Some Republicans Really Don’t Want President Trump To Fire The Director Of Wall Street Critic CFPB

Richard Cordray runs the Republican-hated CFPB. But if Trump fires him, Republicans in Ohio worry he’ll return home as a political martyr who lost his job for being too tough on Wall Street and the banking industry — and the top Democratic candidate for governor.

Not all Republicans want to fire Richard Cordray.

Some do: House Financial Services Committee Chairman Jeb Hensarling this week renewed his call for President Donald Trump to immediately remove Cordray from the Consumer Financial Protection Bureau — something that wouldn’t be unexpected from the president. A lot of Republicans want to completely dismantle CFPB, which Elizabeth Warren helped design to essentially police Wall Street.

But in Ohio, Hensarling’s demand had GOP operatives again picturing a scenario they’d rather not see: Cordray as next year’s Democratic nominee for governor. They acknowledge that Cordray, a former state treasurer and attorney general who has won two statewide elections, would be their toughest opponent.

“Republicans hardly stay awake at night worrying about Richard Cordray,” Jai Chabria, a former top adviser to term-limited Gov. John Kasich, told BuzzFeed News.

“But if he was fired by Donald Trump,” added Chabria, who is not working with any of the likely GOP candidates, “that would certainly make him more attractive to the Democratic base.”

Others close to GOP gubernatorial hopefuls and other party leaders in Ohio requested anonymity to speak candidly.

“He’s their best option, no doubt,” one party strategist said of Cordray. “He could be a linchpin for a very good ticket if he runs. Certainly beatable, but gives them the best chance in all likelihood, so I’d rather see them have to go about it with” a lesser-known candidate.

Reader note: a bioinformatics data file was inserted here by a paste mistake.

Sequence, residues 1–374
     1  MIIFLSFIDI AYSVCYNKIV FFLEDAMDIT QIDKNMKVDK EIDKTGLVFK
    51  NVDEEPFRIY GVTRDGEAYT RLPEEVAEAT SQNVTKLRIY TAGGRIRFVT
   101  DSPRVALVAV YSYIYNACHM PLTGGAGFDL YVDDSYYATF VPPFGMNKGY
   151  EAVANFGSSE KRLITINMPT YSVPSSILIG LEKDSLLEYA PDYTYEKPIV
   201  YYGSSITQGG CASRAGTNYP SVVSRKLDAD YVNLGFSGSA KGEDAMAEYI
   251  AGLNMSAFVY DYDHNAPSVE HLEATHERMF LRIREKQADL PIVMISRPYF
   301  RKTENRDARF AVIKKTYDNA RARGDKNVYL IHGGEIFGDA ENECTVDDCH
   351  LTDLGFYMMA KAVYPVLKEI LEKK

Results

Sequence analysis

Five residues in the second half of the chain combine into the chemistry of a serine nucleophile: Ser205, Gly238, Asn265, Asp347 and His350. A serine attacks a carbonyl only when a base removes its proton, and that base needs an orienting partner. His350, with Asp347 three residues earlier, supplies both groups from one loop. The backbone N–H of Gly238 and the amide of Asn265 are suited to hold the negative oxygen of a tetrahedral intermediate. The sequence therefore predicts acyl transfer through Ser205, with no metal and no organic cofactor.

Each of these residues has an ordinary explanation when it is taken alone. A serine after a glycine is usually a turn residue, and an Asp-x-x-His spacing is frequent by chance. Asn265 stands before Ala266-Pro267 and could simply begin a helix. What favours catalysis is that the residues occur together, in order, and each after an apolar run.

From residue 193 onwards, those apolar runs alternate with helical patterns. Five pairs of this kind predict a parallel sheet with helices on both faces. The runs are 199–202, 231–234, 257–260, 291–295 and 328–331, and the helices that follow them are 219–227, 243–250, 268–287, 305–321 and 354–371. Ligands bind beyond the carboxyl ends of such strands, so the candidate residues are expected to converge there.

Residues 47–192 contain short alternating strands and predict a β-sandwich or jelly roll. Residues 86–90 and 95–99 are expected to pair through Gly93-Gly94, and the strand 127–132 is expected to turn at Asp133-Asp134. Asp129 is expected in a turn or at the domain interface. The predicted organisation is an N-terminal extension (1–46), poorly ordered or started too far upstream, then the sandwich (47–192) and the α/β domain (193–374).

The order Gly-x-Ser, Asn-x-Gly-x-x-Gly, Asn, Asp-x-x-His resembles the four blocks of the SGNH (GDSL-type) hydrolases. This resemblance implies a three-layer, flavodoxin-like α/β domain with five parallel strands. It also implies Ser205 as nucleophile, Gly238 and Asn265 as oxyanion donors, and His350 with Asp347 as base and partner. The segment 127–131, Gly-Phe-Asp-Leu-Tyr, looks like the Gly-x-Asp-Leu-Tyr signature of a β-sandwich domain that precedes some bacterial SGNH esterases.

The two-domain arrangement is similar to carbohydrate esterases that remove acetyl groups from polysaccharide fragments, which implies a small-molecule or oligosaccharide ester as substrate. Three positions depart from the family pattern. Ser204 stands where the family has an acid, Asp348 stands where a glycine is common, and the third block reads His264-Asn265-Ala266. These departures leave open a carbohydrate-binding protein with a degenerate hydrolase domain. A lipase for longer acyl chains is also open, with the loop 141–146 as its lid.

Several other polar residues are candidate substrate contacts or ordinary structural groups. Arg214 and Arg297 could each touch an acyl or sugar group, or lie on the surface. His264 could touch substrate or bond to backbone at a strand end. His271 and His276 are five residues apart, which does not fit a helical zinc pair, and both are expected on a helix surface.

Another Republican operative believes Cordray “might be able to clear the field” on the Democratic side, where there are three declared candidates (former state legislator Connie Pillich, former US Rep. Betty Sutton, and Ohio Senate Minority Leader Joe Schiavoni) and at least a half-dozen other prospects.

“I hear a couple of people say, ‘I wish they would just let him stay put or drag this out.’ Without him, their ticket is really weak,” a third Ohio Republican strategist told BuzzFeed News.

Ohio could have a crowded and super-competitive GOP primary for governor in 2018. The field already includes Lt. Gov. Mary Taylor and US Rep. Jim Renacci. Attorney General Mike DeWine and Secretary of State Jon Husted are expected to join the race soon.

Republicans see Cordray as a threat because of the agency’s mission and the support it has among progressive activists and donors. Warren became a national figure — and a US senator from Massachusetts — after helping launch the agency under the Dodd-Frank Act and being bypassed for the director’s job in part because of strong GOP opposition.

Warren’s exit cleared the way for Cordray. But Republicans now are counting on Trump delivering the agency a knockout blow. Some Democrats in Ohio are counting on that, too. With Warren’s rise in mind, they believe Trump, if he fires Cordray, would enable him to return home as a political martyr who lost his job for being too tough on Wall Street and the banking industry.

Cordray of course could choose to resign from the job, which prevents him from campaign activity, and begin running for governor. But doing so could accelerate the agency’s demise and leave national Democrats blaming Cordray.

“I imagine he feels like he’s the last wall against some of the overwhelming excesses of the Trump administration,” Cordray ally David Leland, a state legislator and former Ohio Democratic Party chairman, said.

Hensarling addressed Cordray’s gubernatorial prospects Wednesday when the director appeared before his committee.

“Mr. Cordray, I know that you are here at our committee’s invitation for a statutory appearance, but I’m otherwise surprised to see you here in that, as you well know, there have been many press reports saying that you would have otherwise returned to Ohio to pursue a gubernatorial bid,” the Texas congressman said. “Perhaps the rumors of your political aspirations are greatly exaggerated.”

Hensarling and other Republicans assert that the agency has failed to help consumers and see Cordray’s stewardship as a potential liability in a run for office.

Liz Mair, a national GOP operative who has worked on financial regulatory issues, including some tackled by Cordray’s agency, acknowledged Cordray’s strengths as a candidate. But she also noted publicized accusations of discrimination and poor record-keeping under his watch.

“Cordray,” Mair told BuzzFeed News, “has now for several years presided over an agency that has been plagued by major problems that form an opposition research treasure trove for the Ohio GOP, whether they know it or not.”

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